The focus performance should be a bit better for sports than the T1i because all points are cross points. I look forward to trying it out when my daughter goes back on the field in the fall.

Auto white balance seems to be improved.

The build in HDR and night photos features are nice additions. They would not be missed if they weren't there, but they seem like good additions.

The lens is great. Fast focus, very quiet, very sharp and I enjoy having a long focal length so this can be my every-day lens.

I was day dreaming of getting a 70D, but after having my T4i I think I'll only change if the upgrade is substantial. Movie/live view focus has to be quite a bit better AND image quality at high ISO has to be better. Improvements in handling won't be worth spending the money for me, I'd rather save my money. Well, perhaps until there is a good deal on a refurbished 70D.

In response to others: if you haven't already - absolutely spend $120 on a 50mm f/1.8 lens. Or perhaps get the 40mm pancake. You will be amazed at how much better photos are in low light with it. If you want, spend more on other low aperture lenses instead – but definitely get one. I waited years with my T1i before getting one. My first thoughts when using the lens were – this is what my DSLR is supposed to be like in low light!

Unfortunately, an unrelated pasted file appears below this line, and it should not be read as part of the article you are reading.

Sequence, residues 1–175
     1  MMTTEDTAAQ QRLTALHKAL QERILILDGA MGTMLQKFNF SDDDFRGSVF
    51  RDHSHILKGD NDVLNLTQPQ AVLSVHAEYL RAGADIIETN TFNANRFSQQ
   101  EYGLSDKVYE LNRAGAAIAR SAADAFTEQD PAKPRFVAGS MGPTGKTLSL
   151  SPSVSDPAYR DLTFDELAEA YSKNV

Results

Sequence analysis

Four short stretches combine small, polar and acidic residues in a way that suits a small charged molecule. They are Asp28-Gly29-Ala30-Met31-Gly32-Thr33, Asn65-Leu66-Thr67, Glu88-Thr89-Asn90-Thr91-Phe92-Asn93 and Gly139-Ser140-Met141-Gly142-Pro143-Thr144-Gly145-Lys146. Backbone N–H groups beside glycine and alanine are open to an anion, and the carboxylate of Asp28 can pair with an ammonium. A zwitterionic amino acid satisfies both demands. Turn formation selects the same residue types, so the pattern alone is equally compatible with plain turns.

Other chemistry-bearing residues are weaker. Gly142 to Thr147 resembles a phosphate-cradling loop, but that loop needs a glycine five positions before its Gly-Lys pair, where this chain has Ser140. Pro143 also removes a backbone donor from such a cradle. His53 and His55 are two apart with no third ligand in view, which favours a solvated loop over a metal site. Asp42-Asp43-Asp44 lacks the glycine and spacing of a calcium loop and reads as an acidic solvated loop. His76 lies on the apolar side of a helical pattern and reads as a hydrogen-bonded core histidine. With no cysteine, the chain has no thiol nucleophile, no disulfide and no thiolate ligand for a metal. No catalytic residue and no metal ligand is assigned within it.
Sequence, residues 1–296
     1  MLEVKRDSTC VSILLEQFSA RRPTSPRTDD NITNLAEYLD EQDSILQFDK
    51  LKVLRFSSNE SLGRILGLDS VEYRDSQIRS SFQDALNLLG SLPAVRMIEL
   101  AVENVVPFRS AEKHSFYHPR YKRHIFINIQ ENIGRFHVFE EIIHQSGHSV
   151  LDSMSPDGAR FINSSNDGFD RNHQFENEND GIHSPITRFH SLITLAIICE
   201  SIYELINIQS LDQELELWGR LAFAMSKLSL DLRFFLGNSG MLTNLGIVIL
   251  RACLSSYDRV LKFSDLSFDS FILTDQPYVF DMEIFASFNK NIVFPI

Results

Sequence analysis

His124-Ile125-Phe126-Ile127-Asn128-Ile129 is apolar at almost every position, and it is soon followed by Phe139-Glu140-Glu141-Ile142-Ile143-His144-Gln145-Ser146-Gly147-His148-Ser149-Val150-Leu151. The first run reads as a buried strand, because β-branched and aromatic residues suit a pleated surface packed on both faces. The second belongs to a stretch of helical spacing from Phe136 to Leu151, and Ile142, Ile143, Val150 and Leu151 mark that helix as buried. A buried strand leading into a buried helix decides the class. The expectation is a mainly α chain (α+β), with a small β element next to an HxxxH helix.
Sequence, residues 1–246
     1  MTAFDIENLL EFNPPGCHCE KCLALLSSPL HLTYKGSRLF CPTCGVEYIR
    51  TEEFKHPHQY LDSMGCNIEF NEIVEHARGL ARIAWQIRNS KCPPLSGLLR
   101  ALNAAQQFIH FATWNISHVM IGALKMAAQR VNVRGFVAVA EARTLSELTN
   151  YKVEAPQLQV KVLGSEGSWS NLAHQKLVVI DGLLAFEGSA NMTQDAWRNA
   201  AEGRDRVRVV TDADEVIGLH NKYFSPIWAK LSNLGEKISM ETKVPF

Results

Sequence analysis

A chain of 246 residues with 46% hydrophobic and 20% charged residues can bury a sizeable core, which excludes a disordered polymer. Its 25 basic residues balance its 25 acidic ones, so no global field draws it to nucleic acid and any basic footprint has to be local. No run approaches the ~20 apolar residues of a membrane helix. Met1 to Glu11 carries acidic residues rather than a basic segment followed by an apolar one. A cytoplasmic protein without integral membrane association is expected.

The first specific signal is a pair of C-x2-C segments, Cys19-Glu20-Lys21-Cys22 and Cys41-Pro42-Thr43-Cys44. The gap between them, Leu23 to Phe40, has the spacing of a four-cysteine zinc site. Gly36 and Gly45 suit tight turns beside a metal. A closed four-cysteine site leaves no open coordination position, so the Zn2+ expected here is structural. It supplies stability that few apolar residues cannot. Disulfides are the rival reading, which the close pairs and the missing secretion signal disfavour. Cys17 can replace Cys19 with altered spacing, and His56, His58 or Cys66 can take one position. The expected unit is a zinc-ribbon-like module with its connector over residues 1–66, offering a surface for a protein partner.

SystemAgnostic's gear list:SystemAgnostic's gear list
Panasonic Lumix DMC-LX100 Canon EOS 70D Sigma 50-150mm F2.8 EX DC APO OS HSM Canon EF-S 18-135mm f/3.5-5.6 IS STM Sigma 18-35mm F1.8 DC HSM Art +3 more
SystemAgnostic Regular Member • Posts: 361
Re: canon 650d experience

Combat By Design wrote:

Thanks for the response!
I typically shoot my 18-135 STM lens, as I only have that and a zoom lens. The Aperature setting is usually at 2.5 or so, which is about as open as it can go... but sometimes it seems to get "stuck" at 3.5 on it's own... not sure how that works
I'm still learning my way around the camera, but I love it so far, and the only way to learn is to read and ask questions!
Thanks again!
Any help is always appreciated!

-Kevin

The camera can only open the aperture of the lens as far as the lens allows. The 18-135 lens starts at 3.5 aperture at wide focal lengths. As the focal length increases, the max aperture changes in a few steps up to 5.6. So if you set it to 3.5 when at 18mm, and zoom in, the camera will correctly display aperture of 5.6 which is the lowest for that focal length. You can't ever set the aperture to anything below the minimum for the focal length you are at.

 SystemAgnostic's gear list:SystemAgnostic's gear list
Panasonic Lumix DMC-LX100 Canon EOS 70D Sigma 50-150mm F2.8 EX DC APO OS HSM Canon EF-S 18-135mm f/3.5-5.6 IS STM Sigma 18-35mm F1.8 DC HSM Art +3 more